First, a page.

Each season, during their place in the sequence, a player may choose to act with one or more of their armies by invading an area adjacent to one they control, or by making an invasion from the sea (see below for limitations on sea invasions). Any such actions will be conducted by one army, and the side may make a separate action (or not) with each army at its discretion. All actions to be taken by the field armies are specified before any reactions are made by opponents, or any battles fought on the tabletop.

The side whose area was invaded may choose to react by fighting a battle, but only if they have an army which has not yet acted or reacted that season. If they cannot react, any side with an area adjacent to the invaded area may choose to react and go to the support of the invaded side (again, only with an army which has not yet acted or reacted that season).

If there is a battle, then a tabletop battle is immediately fought between the two sides. If there is no battle, the invading player immediately assumes control of the area.

If the invader wins the battle, they immediately assume control of the area. If the defender wins the battle, they retain control of the area. If a victorious side has reacted in support, they may choose to immediately assume control of the area, or they may allow the invaded side to retain control.

Invasions from the sea are allowed on either the eastern or western shores of Britain. Any side may make an invasion by sea from any area in their control at the start of a season on the coast, on any other area which has a coast on the same British "shore" (east or west). The east-west divide is described by Caledonia to the north and Cerniw to the south, both of which are deemed to have coast on both east and west shores - all other areas have coast on only one shore. Note that due to very bad weather and probable encounters with sea monsters, Connachta is deemed not to have any coast (the only such area in the game).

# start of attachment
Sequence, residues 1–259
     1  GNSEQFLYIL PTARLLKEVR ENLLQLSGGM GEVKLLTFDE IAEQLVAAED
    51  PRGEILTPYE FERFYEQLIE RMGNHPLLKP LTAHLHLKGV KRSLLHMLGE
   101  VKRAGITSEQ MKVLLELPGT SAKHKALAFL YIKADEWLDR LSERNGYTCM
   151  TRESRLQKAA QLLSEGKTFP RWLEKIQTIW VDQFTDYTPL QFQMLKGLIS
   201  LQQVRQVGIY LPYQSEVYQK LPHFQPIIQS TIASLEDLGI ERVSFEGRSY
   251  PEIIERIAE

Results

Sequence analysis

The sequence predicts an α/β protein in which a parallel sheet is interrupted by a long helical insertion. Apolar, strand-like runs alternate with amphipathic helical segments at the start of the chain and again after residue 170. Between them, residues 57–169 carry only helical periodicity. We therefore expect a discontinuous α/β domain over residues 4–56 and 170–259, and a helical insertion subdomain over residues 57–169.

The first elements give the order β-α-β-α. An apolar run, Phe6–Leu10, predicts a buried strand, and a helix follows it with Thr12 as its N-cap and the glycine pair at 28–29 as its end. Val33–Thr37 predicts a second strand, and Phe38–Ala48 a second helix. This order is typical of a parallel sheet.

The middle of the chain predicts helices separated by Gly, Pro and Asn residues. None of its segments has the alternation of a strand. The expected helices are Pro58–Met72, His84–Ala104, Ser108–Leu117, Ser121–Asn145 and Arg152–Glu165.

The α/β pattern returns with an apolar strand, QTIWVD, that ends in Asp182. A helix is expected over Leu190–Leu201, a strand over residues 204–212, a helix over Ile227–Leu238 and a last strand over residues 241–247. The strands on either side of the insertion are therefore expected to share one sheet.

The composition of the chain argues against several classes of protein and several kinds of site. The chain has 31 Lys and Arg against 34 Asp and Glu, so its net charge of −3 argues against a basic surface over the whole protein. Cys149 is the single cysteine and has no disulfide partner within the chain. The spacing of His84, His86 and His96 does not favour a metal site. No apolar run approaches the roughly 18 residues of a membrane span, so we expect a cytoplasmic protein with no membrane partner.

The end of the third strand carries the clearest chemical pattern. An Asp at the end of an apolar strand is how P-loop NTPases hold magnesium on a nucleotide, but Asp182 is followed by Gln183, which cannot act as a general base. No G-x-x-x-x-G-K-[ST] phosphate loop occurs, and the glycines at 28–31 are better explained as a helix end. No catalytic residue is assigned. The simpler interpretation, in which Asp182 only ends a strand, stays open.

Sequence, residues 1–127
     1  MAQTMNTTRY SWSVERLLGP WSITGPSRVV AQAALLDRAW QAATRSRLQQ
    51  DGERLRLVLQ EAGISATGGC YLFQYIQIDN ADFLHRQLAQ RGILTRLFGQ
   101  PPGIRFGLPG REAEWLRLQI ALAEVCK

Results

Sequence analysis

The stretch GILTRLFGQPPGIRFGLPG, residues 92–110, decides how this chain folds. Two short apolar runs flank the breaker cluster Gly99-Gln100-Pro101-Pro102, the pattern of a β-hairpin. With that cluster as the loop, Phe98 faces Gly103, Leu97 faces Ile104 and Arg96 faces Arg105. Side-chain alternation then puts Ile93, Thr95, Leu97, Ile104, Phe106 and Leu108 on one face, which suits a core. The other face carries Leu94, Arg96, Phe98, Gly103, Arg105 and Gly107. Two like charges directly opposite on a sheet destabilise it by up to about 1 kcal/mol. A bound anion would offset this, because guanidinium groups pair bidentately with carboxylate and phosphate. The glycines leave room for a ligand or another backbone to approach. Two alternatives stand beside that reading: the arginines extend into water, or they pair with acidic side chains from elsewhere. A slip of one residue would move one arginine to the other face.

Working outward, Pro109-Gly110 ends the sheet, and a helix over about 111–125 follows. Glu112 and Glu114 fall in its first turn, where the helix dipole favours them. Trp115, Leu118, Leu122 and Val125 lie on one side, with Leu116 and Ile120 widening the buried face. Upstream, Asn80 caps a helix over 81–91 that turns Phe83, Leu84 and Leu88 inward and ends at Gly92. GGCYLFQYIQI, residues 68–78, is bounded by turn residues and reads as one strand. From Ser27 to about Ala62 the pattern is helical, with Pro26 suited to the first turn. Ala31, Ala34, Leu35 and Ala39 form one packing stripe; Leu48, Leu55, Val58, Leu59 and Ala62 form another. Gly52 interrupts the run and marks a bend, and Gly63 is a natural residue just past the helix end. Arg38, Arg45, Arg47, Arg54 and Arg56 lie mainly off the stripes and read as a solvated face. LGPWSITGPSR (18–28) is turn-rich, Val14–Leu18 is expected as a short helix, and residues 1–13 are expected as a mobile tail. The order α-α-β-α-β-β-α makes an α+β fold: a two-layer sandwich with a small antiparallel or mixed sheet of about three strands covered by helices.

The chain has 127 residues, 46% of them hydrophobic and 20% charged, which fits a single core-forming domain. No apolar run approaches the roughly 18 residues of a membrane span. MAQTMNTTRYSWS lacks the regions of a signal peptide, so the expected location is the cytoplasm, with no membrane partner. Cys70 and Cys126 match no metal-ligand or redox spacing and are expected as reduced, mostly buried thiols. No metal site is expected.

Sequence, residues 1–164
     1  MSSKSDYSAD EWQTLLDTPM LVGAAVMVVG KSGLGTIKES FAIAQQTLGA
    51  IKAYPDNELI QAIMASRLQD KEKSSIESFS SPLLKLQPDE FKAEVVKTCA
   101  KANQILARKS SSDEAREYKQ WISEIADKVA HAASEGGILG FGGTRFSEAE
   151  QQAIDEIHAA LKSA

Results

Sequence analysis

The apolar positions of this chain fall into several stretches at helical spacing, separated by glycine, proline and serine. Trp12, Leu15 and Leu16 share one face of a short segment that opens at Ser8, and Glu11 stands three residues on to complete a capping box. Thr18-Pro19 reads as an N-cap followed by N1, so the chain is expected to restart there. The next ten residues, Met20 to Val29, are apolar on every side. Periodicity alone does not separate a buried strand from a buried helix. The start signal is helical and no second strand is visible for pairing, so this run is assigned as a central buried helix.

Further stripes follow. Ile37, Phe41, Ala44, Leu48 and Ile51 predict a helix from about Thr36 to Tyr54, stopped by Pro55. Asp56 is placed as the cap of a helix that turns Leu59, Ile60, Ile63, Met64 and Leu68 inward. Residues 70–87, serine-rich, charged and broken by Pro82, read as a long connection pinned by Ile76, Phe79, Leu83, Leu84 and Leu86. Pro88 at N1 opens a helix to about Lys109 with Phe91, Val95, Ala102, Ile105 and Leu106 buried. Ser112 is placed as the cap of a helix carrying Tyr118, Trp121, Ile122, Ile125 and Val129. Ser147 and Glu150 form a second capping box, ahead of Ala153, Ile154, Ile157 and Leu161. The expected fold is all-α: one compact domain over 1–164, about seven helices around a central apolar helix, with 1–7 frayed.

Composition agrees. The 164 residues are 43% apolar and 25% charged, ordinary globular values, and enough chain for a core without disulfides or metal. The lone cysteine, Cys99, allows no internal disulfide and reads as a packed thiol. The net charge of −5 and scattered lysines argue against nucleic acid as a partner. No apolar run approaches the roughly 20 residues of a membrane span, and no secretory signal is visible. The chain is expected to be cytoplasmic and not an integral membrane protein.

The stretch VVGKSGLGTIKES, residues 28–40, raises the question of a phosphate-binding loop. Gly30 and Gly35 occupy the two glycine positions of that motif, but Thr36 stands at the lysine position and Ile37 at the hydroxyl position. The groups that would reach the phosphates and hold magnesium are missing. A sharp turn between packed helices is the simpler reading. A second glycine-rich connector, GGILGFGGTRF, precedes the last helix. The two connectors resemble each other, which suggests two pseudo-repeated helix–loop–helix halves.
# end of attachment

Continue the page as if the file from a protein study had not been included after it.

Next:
Invasions from the sea are risky, as a defeat will generally result in the utter destruction of the invading army. The penalty for losing a battle resulting from an invasion from the sea is to remove an army from play for the following season, after which point a new army is assumed to have been raised.

Once an army has been committed to an area by fighting a successful battle in it, the army is assumed to be present in that area for the remainder of the season, and may fight to defend it against subsequent invasions until the following season, when it may be committed elsewhere. This may result in more than a single battle being fought in a given area during a turn, if it is invaded more than once. Only the latest victor's army is considered to be active in the area for the duration of that season.

Players may allow allies to transit through the areas they control to attack other opponents, but any area so transited may be "defended in support" by any player from an adjacent area with an army capable of acting/reacting, as if the transiting army was an invader and the current owner of the area was unable to defend it (see above). Players may transfer control of areas to other players at any time, if they so desire, to fuel alliances. Each area always has one and only one owner, however.

All battles are fought as per the Art de la Guerre rules as tournament games, or as scenarios agreed by the commanding players.

Winning the Game

The campaign starts in the Spring of 495 AD, and will continue through the Autumn of 500 AD, giving a length of 18 active seasons. The side which controls the largest number of areas is the winner. If two or more sides have the same number of areas, then they may conduct sudden-death battles (per player agreement if more than two) to determine the ultimate winner and to settle the Matter of Britain for once and all!